Instead of looking anonymously at the figures up on the screen, presented to us - as common cultural currency, presented by personal or industrial configurations that have sociological meaning - we are now looking directly at ourselves.

It puts ego back into the process. And it makes impossible the surrender to the caress of cinema.

Tuesday, December 16, 2008

Elvis Lives and Breathes. Apparently.

You may know about the new "Elvis Duets" CD (released November '08), that features duets with Elvis and current artists created in the studio by using digital tools (when Bono sang with Sinatra in 1995 without ever meeting in the same studio it was news). Martina MacBride has gone one better, and offers this "remix" of Elvis's performance of "Blue Christmas" from his '68 "comeback" special.

video

This is problematic. I don't call myself the biggest Elvis fan, but the integrity of this footage has been profoundly changed in order to sell us a new singer. This isn't just cutting to (or into) archival scenes, it's intrusion into historical documentation. People familiar with this televised concert knows it has a historical and cultural context outside the mere depiction of Elvis singing a couple songs. His nervousness, the intentional staging in close quarters with his fans, the general status of his career previous to this, and band members who were positioned as equals rather than mere backup, all say volumes about what gave this event and the footage its power.

His performance and demeanor are irrevocably altered by the intrusion of a singer standing next to him who was not there (or here on earth) 40 years ago. This is a step closer to the "bringing Humphrey Bogart back to life" future that James Cameron is salivating for.

I understand that new generations have a different relationship to this footage than people who actually lived through it. They may have similar concerns in 40 years when someone is painting a digital moustache on their cultural icons in 2048.

Or, they may not. Because their cultural icons may not exist in some original pristine and culturally specific state. Their meaning may be in flux through the stream of culture and of time, and any additions or deletions will be considered acceptable and expected wear (let's call it patina) as new generations and technology reappropriate old material to make it new.

Well, not new. But different. In a way, Elvis did the same thing back in 1955 with blues music.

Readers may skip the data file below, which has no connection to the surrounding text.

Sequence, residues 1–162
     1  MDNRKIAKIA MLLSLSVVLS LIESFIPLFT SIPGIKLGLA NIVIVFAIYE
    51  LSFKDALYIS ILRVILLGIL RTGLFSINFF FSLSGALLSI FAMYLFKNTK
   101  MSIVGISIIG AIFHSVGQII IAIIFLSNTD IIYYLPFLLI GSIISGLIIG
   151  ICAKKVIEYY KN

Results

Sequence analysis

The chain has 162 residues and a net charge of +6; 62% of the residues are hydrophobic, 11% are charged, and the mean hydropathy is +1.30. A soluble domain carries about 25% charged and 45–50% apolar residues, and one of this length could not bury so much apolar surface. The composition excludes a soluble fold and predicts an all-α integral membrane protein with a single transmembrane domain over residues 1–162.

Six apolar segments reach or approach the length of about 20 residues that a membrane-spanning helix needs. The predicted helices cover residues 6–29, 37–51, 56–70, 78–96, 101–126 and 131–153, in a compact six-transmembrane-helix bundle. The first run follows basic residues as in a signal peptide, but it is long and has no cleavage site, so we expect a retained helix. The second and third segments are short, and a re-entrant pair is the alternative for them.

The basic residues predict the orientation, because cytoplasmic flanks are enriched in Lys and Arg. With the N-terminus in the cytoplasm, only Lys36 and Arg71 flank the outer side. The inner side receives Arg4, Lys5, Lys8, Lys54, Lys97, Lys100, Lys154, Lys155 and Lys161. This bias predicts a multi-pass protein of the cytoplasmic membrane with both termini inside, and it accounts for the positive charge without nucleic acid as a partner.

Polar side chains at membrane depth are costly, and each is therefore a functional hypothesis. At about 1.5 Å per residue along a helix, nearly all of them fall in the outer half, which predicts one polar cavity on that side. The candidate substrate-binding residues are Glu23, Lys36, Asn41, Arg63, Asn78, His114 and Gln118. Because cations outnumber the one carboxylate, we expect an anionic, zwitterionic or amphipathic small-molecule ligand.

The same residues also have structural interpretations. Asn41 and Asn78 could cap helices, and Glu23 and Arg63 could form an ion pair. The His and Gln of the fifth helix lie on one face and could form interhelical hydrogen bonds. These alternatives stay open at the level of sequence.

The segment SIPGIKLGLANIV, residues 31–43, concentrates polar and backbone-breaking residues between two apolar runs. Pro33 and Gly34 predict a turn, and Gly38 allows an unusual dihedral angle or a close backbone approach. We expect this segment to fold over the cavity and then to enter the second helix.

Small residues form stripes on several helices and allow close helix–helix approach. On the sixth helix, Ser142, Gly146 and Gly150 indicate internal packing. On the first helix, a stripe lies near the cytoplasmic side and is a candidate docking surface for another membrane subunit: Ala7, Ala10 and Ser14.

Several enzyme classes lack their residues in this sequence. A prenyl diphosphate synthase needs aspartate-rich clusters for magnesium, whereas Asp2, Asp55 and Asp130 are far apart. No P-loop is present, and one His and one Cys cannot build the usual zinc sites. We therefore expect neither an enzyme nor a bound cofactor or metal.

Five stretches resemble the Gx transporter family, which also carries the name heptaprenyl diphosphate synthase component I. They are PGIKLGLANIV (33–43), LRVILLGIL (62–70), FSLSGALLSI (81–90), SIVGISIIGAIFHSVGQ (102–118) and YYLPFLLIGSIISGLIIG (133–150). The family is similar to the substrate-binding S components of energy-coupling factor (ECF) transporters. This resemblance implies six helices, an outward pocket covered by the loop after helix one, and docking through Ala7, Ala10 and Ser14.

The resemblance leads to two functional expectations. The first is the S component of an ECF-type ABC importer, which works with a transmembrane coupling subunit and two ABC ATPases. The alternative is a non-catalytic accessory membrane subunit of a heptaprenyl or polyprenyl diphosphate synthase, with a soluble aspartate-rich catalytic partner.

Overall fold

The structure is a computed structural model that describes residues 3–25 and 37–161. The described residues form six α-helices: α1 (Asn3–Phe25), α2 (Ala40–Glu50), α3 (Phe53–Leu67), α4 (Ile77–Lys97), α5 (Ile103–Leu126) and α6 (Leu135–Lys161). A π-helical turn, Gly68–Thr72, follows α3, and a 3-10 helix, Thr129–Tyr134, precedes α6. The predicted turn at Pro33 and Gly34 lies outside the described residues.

_____

A shorter version of this post appeared on the AMIA Students of Westwood site: http://amiastudentsofwestwood.blogspot.com/).

Saturday, December 13, 2008

The Real and the True


Realistic modes of representation are being subsumed by the age of digital. By this I don't mean that digital is "less realistic" (although I feel it is); I mean that Hollywood films are no longer interested is showing us what actually exists in the world.

The magic and the lure of cinema from the early days, and through its history, has been to show audiences something they can't otherwise see, whether it's a train pulling into a station in Paris, a flight to the moon, or a dinosaur attacking its own creators (whether he's a scientist or an animator). And the very artifice of film is constructed by photographic units captured in order and manipulated into pieces of story, that's told sequentially piecemeal, to create a whole greater than the sum of its parts.

Many intangible elements go into film's power to persuade us, to move us to laugh, cry, fall in love or to stomp out. To fall into a dream state, either through dreamy rapture or droning boredom.

Businessmen have always attempted to offer more spectacle when audiences were swayed to other forms of entertainment. The Roman emperors offered bread and circuses to the plebeians who might otherwise riot if not for those distractions. 3-D and Cinemascope were born of desperation in the '50s when audiences moved away from the downtown centers and discovered television did pretty much what the movies could do.

The new technology of digital image making is creating worlds, people, and devices that can't possibly exist in the real world. We revel at such sophisticated constructions as the aging Brad Pitt, the shuffling Jar-Jar Binks, or the orcs fighting Harry Potter. We regard the sheer craft and consider the computing power, and walk out confounded, thinking "How did they ever do that?"

(Coppola had the same problem in the '70s. How did he get that blood to shoot out that way?)

Yet we know it is not real. It is the spectacle of arrogance. It defies us to believe it all, and no matter how seamlessly integrated, there is an uncanny feeling that your pocket is being picked.

The dichotomy between the quest for hyperrealist special effects and the aesthetics of old-school techniques of classic Hollywood is unchallenged. To do so seems downright retrograde and luddite. Isn't a hyperreality better? Why settle for that clear sky when a clouded one works so much better for the mise-en-scene?

The obvious artifice of films, with extreme musical cues and impossible camera shifts, from extreme lighting to randomly occurring rainstorms, is the texture of the stories being told. They're fake, told with and by artifices. Even the mistakes are meaningful. From mis-matched inserts to cover unseen action (Benazeraf) to guileless stop-motion animation (Karel Zeman), there's a hand-made and mediated construction that's closer to a story-teller stumbling over his words and regaining his thought than a film running off the gears. It's human and humane. And it's more endearing.

Audiences have an innate ability to get what the film is trying to get at. Eisenstein used to situate his close-ups in a defiantly non-continuous space. He wanted you to know what the film was doing - no "invisible editing" for him. Hitchcock insisted on those faded rear-projection scenes well into the '60s, when techniques were advanced far beyond that 40-year-old method.